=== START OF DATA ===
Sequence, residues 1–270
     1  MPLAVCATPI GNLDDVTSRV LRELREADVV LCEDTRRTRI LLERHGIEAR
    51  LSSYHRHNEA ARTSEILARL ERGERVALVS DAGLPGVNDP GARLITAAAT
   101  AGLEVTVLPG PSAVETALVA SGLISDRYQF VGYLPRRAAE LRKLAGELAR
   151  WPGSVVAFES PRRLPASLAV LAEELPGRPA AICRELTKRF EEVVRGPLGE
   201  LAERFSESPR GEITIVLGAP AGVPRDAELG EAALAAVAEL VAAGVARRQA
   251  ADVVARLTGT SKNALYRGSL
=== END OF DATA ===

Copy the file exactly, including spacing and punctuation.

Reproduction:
Sequence, residues 1–270
     1  MPLAVCATPI GNLDDVTSRV LRELREADVV LCEDTRRTRI LLERHGIEAR
    51  LSSYHRHNEA ARTSEILARL ERGERVALVS DAGLPGVNDP GARLITAAAT
   101  AGLEVTVLPG PSAVETALVA SGLISDRYQF VGYLPRRAAE LRKLAGELAR
   151  WPGSVVAFES PRRLPASLAV LAEELPGRPA AICRELTKRF EEVVRGPLGE
   201  LAERFSESPR GEITIVLGAP AGVPRDAELG EAALAAVAEL VAAGVARRQA
   251  ADVVARLTGT SKNALYRGSL